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DNSSEC and RPKI Deployment: A New Narrative

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David Huberman
Guest Author | ICANN
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Technology
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March 20, 2024

When we think about organizational cybersecurity, we are interested in protecting our systems, people, and assets from intrusion and malfeasance.

We spend a lot of time and money hardening our infrastructure by implementing best current practices around cyber hygiene (such as requirements on password length and rotation and training for our employees to ensure they do not fall prey to cybercriminal schemes), by patching our operating systems and our application software and by establishing all kinds of monitoring and detection to safeguard our systems.

But at a deeper layer than our systems, our applications, and our employees is a set of network elements that also must be protected:

  • The IP addresses we assign to our boxes.
  • The Autonomous System Numbers (ASNs) we use to define our networks.
  • The domain names we assign to devices.
  • The system of interdomain routing which enables us to share data packets with networks around the world.

All these elements use protocol standards, which are very old and not designed with any security in mind. For example, the Domain Name System (DNS) was invented by Paul Mockapetris and standardized in November 1983. The routing system we use is called Border Gateway Protocol (BGP), and the current version of BGP that everyone uses is from March 1995.

These 30 and 40-year-old protocol standards are used in almost every network across the Internet today and are essentially unchanged from their original specifications. They stick around because they solve the most challenging problem in computing: scale. DNS and BGP enable infinite scalability at negligible cost to individual operators. And because everyone leveraged DNS and BGP, the Internet grew from a military and academic experiment to a ubiquitous platform worldwide.

Why DNS and BGP need to be secured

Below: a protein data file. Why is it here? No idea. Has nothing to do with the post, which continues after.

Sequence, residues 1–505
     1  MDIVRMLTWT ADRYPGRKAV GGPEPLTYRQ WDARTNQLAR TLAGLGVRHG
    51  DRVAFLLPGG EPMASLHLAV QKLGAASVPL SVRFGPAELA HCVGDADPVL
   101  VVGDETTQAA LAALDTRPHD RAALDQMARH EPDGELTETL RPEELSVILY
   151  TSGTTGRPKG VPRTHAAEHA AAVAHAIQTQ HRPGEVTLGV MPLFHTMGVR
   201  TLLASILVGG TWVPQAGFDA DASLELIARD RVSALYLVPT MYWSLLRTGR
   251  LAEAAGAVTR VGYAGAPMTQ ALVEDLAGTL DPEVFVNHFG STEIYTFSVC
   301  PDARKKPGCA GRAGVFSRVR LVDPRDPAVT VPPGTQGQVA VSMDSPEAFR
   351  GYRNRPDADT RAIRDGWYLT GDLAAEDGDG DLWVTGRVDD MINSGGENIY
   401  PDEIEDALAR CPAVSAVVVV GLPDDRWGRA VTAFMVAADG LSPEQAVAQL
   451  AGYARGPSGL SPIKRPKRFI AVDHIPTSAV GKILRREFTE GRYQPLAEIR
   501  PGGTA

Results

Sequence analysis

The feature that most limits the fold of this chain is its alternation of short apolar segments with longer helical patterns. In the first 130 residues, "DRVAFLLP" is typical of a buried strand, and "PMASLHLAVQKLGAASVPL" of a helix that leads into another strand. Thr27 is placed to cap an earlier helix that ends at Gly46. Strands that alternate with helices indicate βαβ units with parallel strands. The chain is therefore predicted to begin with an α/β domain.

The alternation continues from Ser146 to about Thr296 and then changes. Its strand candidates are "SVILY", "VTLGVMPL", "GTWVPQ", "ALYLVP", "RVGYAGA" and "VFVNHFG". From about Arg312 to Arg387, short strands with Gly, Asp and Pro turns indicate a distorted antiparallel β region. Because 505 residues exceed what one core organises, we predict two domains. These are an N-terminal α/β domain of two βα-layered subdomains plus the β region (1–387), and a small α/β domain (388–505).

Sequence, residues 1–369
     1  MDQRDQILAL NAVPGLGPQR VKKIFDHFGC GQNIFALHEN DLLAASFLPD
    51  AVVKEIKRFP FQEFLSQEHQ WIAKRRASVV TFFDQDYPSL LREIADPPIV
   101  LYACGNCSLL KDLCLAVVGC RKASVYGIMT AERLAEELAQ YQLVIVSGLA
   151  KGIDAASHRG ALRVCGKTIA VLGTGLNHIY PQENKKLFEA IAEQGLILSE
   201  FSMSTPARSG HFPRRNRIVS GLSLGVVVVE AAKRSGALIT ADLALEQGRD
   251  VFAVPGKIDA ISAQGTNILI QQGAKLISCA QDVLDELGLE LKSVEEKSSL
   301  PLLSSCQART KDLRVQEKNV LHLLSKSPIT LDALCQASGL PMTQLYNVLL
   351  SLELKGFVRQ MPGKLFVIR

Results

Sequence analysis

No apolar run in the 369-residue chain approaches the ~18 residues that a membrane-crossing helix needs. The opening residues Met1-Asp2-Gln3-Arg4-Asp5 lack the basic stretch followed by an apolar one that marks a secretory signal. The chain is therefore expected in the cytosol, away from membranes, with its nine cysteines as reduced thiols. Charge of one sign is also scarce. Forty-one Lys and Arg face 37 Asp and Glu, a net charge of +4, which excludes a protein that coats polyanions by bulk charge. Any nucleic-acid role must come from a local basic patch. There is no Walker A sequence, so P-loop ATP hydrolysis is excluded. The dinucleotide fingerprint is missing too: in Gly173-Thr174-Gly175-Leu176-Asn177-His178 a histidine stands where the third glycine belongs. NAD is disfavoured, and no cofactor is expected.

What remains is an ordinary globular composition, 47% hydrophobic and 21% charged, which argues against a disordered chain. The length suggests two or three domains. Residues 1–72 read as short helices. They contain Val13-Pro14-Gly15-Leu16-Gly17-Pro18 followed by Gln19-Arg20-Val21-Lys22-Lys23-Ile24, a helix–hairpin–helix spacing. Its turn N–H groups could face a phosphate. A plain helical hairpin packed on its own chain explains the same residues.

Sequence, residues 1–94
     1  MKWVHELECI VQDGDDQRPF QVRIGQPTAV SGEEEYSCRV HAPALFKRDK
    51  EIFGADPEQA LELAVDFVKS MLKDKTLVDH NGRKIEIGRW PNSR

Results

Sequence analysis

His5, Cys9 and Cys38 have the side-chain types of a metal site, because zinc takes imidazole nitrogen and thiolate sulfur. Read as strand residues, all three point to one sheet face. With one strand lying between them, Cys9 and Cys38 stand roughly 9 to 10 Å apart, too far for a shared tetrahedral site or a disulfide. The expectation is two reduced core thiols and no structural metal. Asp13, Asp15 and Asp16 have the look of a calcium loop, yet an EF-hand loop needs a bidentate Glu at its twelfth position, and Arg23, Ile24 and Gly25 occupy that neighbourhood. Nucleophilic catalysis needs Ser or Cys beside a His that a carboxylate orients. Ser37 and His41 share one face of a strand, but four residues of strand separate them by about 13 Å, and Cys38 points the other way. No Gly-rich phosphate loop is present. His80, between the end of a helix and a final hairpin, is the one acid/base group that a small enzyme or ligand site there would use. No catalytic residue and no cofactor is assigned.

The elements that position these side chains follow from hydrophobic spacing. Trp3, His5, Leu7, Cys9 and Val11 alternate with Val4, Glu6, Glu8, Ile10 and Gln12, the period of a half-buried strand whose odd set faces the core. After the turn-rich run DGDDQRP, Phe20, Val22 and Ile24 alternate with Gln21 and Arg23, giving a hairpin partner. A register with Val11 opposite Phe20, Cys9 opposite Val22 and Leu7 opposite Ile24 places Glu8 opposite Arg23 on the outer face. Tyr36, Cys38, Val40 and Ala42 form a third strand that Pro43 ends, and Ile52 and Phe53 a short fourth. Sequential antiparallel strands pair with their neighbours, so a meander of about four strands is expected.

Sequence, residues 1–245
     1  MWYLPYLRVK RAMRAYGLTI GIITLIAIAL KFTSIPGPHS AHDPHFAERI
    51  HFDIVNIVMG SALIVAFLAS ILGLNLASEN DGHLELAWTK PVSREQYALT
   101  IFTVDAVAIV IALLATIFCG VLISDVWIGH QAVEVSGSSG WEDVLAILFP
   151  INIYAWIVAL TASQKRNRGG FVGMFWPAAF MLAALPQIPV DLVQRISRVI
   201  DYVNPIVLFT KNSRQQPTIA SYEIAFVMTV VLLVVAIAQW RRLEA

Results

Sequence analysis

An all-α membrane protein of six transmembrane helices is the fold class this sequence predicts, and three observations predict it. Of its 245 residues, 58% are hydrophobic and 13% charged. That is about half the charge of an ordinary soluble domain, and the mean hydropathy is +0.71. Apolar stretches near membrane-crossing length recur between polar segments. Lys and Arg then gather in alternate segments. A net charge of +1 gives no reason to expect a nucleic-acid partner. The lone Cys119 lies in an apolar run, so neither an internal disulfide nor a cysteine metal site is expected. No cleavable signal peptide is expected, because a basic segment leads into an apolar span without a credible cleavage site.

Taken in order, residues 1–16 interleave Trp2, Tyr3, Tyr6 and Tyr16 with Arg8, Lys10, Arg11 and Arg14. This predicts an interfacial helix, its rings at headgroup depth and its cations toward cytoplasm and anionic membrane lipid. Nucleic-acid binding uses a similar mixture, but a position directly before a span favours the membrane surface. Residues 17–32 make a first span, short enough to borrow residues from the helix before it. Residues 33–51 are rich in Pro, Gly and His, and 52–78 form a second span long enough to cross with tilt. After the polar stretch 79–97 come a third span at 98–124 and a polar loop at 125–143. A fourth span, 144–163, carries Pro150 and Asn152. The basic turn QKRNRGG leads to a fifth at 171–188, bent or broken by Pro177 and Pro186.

When these two essential systems are not secured, there are “back doors” into our networks for hackers and criminals. Their security needs to be considered as part of a well-formed cybersecurity strategy. This strategy ideally includes demanding secure-by-design services and devices during information communication technology (ICT) procurement activities.

The Internet Standards, Security, and Safety Coalition — IS3C — was formed as a United Nations Internet Governance Forum Dynamic Coalition to help organizations achieve this. The coalition comprises key stakeholders from the technical community, civil society, government policymakers, regulators, and corporate and individual adopters. It aims to make online activity and interaction more secure and safer by successfully deploying existing security-related Internet standards and ICT best practices. 

As part of its work, IS3C formed a working group on the importance of persuading organizational decision-makers to adopt two Internet standards, which help bolster their cybersecurity profile:

  • Domain Name System Security Extensions (DNSSEC), which enable us to detect unauthorized changes in DNS data and develop tools to better secure the DNS.
  • Resource Public Key Infrastructure (RPKI), which provides the necessary infrastructure to build the tools needed to secure routing better.
Line graph showing the percentage of all ccTLDs that have adopted DNSSEC and global DNSSEC validation
Figure 1 — Percentage of ccTLD registries with operational DNSSEC and global DNSSEC validation rate. Data sources: ICANN and APNIC.

Help Bring DNSSEC and RPKI to the Attention of Decision Makers

With my ICANN hat on, I co-chair this working group with my friend and colleague, Bastiaan Goslings. Our current effort is to forge a new narrative to convince organizational decision-makers to adopt RPKI and DNSSEC in their infrastructures. We do so by framing their importance in corporate terms, such as adhering to a duty of care, reducing financial risks, improving regulatory compliance, and other factors that C-suite occupants deal with regularly.

But we need your help! 

Our proposed narrative is out for public consultation through 5 April. Please read our new message and provide your critical commentary and helpful suggestions on improving it. 

Working together can make the Internet safer and our networks more secure. You can share your ideas and views with IS3C in the draft text. The document will be adapted in the next phase according to your input. The publication is expected in May 2024.

Learn more about IS3C’s activities, reports, and tools, or become a member via our website.

David Huberman works for the Office of the CTO at ICANN and is co-chair of IS3C working group 8.